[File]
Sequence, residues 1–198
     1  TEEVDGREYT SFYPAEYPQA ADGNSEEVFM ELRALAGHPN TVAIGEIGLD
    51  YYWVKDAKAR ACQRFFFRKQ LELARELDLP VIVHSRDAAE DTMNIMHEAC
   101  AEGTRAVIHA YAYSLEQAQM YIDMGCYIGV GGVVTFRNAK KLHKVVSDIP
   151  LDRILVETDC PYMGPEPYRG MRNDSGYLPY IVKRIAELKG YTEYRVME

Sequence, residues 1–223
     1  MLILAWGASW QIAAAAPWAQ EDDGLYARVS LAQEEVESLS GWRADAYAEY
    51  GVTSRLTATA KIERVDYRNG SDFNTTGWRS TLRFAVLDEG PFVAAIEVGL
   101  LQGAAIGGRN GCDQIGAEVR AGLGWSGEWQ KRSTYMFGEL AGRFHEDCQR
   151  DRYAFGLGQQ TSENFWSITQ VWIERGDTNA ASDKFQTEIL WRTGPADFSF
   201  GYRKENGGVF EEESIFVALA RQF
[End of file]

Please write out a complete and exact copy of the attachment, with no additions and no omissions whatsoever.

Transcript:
Sequence, residues 1–198
     1  TEEVDGREYT SFYPAEYPQA ADGNSEEVFM ELRALAGHPN TVAIGEIGLD
    51  YYWVKDAKAR ACQRFFFRKQ LELARELDLP VIVHSRDAAE DTMNIMHEAC
   101  AEGTRAVIHA YAYSLEQAQM YIDMGCYIGV GGVVTFRNAK KLHKVVSDIP
   151  LDRILVETDC PYMGPEPYRG MRNDSGYLPY IVKRIAELKG YTEYRVME

Sequence, residues 1–223
     1  MLILAWGASW QIAAAAPWAQ EDDGLYARVS LAQEEVESLS GWRADAYAEY
    51  GVTSRLTATA KIERVDYRNG SDFNTTGWRS TLRFAVLDEG PFVAAIEVGL
   101  LQGAAIGGRN GCDQIGAEVR AGLGWSGEWQ KRSTYMFGEL AGRFHEDCQR
   151  DRYAFGLGQQ TSENFWSITQ VWIERGDTNA ASDKFQTEIL WRTGPADFSF
   201  GYRKENGGVF EEESIFVALA RQF